Like a Coen brothers noir south of the border, Paraíso is a genre-bending story about love, sibling relationships, and the dark side of paradise.

Peter and Wendy—their mother chose the names—felt as close as twins, despite their difference in age. As teens, they fled their wealthy Philadelphia home in the family station wagon and headed for Mexico, only to be discovered sleeping in the car on the banks of the Mississippi, in Huck Finn country. Now, many years later, estranged by an apparent betrayal as profound as their family's dysfunction, the two live separate lives, Peter as an editor in New York, Wendy as an edgy sports photographer with a taste for risk. With a new book out and an invitation to Los Cabos, she drives the Mercedes inherited from their father to Baja California, finally completing the trip begun twenty years earlier.

But when the engine fails near a small town named Paraíso—Paradise—she lingers, exploring its underside in an affair with a dangerous man and, all too suddenly, becoming witness to a vicious crime. Meanwhile, in New York, Peter can't help but think of Wendy. When, from his apartment in lower Manhattan, he watches the Twin Towers fall on a beautiful September day, he knows it's time to leave his comfortable life, go find Wendy, and make peace with his long-lost sister. A noirish tale reminiscent of David Lynch and the Coen brothers, Paraíso traces the journey from a mother's dark secret to a place where love, and even perfect love, is possible.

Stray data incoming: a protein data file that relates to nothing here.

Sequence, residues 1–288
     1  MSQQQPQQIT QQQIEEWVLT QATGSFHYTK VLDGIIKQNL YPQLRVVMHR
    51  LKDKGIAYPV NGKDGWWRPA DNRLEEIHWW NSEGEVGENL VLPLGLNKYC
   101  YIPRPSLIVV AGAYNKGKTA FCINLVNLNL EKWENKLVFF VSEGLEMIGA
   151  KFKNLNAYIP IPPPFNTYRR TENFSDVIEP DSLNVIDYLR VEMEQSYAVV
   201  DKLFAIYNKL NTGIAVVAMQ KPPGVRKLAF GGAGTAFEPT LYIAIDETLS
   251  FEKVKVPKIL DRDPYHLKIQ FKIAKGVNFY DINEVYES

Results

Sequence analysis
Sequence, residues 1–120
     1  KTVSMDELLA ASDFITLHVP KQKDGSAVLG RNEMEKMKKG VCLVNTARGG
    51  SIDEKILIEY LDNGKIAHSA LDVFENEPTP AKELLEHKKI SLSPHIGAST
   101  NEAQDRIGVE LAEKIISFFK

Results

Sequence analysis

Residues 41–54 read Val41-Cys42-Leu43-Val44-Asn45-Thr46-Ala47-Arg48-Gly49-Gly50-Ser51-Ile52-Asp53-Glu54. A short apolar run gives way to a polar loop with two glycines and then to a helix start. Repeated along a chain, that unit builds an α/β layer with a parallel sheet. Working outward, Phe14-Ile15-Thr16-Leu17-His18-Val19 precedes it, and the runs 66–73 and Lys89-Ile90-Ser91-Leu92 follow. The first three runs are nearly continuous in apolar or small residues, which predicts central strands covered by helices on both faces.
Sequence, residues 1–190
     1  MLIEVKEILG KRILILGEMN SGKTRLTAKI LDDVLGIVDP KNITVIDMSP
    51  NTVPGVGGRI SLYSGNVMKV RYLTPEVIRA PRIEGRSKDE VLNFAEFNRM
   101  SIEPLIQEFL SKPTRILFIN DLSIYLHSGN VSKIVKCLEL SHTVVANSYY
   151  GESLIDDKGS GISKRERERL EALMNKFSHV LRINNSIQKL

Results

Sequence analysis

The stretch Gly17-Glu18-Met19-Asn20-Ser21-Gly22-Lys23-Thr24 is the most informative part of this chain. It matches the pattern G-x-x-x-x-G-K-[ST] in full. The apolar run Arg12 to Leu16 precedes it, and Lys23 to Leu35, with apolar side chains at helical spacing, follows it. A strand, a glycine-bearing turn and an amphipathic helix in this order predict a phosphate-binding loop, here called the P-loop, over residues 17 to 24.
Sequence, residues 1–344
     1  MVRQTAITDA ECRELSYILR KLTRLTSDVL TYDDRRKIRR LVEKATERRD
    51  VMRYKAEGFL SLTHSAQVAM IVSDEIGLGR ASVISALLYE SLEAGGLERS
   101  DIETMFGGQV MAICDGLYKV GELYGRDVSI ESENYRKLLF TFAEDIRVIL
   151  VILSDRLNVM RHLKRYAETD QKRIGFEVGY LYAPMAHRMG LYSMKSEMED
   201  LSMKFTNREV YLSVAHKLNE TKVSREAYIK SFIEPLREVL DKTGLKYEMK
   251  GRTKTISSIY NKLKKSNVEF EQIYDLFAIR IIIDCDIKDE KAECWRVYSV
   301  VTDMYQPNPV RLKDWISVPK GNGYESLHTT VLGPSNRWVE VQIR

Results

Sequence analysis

My Review

This book started out just fine. The opening was good. It left me wanting to know all of the events leading up to the present moment. I was actually into this story for quite a while, even though my feelings about the story as a whole was middle of the road. I appreciated that the author let me get familiar with Wendy before he transferred over to Peter. Which the events that Peter had to deal with leading up to his reunion with his sister were real and a moment in history not to be forgotten. Yet, try as I must I really could not get into Wendy and Peter's lives or the story as a whole that much. Other then a faint whisper of the locations, the storyline a little and what was taking place at that moment. Although, from what I can remember of this story there is some depth to it and the ending was good.


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